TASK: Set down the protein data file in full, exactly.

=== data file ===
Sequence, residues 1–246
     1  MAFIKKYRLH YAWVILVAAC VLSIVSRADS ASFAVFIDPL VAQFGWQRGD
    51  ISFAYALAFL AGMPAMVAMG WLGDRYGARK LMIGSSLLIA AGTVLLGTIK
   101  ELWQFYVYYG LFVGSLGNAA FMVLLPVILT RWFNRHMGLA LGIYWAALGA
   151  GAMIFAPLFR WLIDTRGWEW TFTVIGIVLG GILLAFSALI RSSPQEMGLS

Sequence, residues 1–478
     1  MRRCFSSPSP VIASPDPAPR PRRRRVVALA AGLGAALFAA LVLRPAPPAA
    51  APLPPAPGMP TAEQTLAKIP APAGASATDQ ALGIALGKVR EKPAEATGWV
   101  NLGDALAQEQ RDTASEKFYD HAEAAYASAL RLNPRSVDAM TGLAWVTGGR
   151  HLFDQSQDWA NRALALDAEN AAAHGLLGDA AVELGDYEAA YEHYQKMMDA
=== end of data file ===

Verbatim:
Sequence, residues 1–246
     1  MAFIKKYRLH YAWVILVAAC VLSIVSRADS ASFAVFIDPL VAQFGWQRGD
    51  ISFAYALAFL AGMPAMVAMG WLGDRYGARK LMIGSSLLIA AGTVLLGTIK
   101  ELWQFYVYYG LFVGSLGNAA FMVLLPVILT RWFNRHMGLA LGIYWAALGA
   151  GAMIFAPLFR WLIDTRGWEW TFTVIGIVLG GILLAFSALI RSSPQEMGLS

Sequence, residues 1–478
     1  MRRCFSSPSP VIASPDPAPR PRRRRVVALA AGLGAALFAA LVLRPAPPAA
    51  APLPPAPGMP TAEQTLAKIP APAGASATDQ ALGIALGKVR EKPAEATGWV
   101  NLGDALAQEQ RDTASEKFYD HAEAAYASAL RLNPRSVDAM TGLAWVTGGR
   151  HLFDQSQDWA NRALALDAEN AAAHGLLGDA AVELGDYEAA YEHYQKMMDA